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Mollie Tibbetts' mother: She'd have wanted us to live "our best potential life"

Mollie Tibbetts
Undated photo released by Iowa Department of Criminal Investigation shows Mollie Tibbetts Iowa Department of Criminal Investigation via AP

Mollie Tibbetts would have been 21 Tuesday. But the University of Iowa student was slain during a routine evening jog July 18 in her hometown of Brooklyn, Iowa.

She was missing five weeks before her body was found. Cristhian Bahena Rivera is awaiting a scheduled September trial on a first-degree murder charge in Tibbetts' death.

Her mother, Laura Calderwood, has grieved in private for 9 months.

But in honor of Mollie's birthday, Calderwood granted her first TV interview since Rivera's arrest. 

She told CBS Des Moines affiliate KCCI-TV she has "good days and bad days. I'll have a week of bad and then a week of good, but I just try and find the silver lining in it." 

Mollie Tibbetts' mother, Laura Calderwood, during interview with KCCI-TV in May 2019 KCCI-TV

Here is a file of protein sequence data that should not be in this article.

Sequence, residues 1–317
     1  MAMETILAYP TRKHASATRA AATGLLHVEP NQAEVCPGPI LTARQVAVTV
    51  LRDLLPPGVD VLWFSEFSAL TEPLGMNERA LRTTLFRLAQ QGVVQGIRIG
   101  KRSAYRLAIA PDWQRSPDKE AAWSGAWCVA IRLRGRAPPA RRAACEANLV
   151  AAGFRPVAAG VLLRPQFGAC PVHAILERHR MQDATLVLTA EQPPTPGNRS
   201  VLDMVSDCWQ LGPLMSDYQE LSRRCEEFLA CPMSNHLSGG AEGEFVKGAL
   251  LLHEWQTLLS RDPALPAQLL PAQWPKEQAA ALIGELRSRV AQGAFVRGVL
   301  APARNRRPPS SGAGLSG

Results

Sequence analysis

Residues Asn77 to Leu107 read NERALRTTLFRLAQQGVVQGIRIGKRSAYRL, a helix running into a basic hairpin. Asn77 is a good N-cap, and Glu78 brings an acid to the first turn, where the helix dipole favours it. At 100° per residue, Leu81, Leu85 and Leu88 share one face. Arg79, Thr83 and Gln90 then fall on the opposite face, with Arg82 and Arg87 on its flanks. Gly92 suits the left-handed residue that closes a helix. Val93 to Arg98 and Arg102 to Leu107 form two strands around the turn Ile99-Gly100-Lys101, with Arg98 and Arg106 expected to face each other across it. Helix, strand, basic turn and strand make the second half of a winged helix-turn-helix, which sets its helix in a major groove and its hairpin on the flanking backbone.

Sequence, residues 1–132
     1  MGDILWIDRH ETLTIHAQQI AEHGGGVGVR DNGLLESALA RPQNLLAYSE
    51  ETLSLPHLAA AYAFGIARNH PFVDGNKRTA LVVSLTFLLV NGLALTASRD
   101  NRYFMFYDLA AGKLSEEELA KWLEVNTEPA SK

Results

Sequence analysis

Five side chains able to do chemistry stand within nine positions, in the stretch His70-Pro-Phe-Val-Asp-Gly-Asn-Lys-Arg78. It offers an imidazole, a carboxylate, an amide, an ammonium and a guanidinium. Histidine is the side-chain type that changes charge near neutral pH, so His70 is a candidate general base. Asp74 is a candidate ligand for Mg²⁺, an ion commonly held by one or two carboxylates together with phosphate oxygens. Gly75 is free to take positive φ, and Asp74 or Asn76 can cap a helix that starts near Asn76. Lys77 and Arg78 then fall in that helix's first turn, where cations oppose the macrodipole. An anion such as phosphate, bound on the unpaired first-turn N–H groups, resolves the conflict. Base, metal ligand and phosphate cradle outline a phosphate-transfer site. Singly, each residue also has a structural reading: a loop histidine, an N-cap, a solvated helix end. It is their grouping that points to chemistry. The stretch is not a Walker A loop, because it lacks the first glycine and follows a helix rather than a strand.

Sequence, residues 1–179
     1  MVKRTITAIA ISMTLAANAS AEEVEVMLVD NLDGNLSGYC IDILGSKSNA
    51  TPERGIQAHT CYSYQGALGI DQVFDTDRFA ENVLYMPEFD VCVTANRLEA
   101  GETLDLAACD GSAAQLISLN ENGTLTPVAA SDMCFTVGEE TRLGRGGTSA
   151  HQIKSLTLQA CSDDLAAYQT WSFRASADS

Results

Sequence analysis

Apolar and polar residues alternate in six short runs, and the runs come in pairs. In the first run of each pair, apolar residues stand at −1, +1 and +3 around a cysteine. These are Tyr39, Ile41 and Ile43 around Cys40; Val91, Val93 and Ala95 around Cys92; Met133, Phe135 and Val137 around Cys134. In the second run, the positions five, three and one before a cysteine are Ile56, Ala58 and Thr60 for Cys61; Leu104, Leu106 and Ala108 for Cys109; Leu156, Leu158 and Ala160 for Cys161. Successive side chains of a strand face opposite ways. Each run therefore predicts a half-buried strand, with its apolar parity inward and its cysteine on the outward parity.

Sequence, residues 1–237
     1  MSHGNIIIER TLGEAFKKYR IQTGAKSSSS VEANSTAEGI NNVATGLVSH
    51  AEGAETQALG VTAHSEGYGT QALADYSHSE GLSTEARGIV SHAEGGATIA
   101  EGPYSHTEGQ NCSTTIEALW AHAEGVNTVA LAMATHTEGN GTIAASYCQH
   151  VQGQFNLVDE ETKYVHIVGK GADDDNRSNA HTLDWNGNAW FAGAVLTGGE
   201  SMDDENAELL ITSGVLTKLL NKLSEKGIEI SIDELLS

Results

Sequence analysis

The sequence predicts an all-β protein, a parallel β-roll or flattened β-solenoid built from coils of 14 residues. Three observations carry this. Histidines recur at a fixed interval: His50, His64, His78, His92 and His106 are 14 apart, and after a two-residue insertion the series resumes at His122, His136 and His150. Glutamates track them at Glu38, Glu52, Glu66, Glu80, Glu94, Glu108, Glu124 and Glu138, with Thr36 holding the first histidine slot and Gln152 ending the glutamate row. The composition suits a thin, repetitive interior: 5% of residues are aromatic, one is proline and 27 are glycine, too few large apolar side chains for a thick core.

Calderwood said the main thing is that, "We don't want Mollie to ever be forgotten, and we want to continue in her footsteps. 

"I want people to remember that Mollie lived life to its fullest, and she wants us all to go on living our best potential life."

"We're trying to make the world a better place in her memory," Calderwood continued.

Calderwood told KCCI she's relieved authorities found Mollie's body. "There was a sense of relief that we knew where she was. Part of my fear is that she would never be found," she recalled.

KCCI says Iowans donated money and spread acts of kindness to mark Mollie's birthday.

Calderwood urged people to donate $21 to the Mollie Tibbetts Memorial Fund, which benefits the University of Iowa Stead Family Children's Hospital's pediatric and adolescent psychiatric unit.

Calderwood said mental health awareness and treatment, especially in young people, will be Mollie's lasting legacy. She was passionate about it, Calderwood emphasized.

"I know that Mollie went through a period of suffering from anxiety, and so I think she knew what it felt like," she said. "I went through that process with her and I call it situational anxiety. I knew what it was. It's not a pleasant thing, and it can manifest itself in all kinds of physical ways."

In Brooklyn, community members gathered Wednesday for a fundraiser in Tibbetts' memory for the restoration of the Brooklyn Opera House.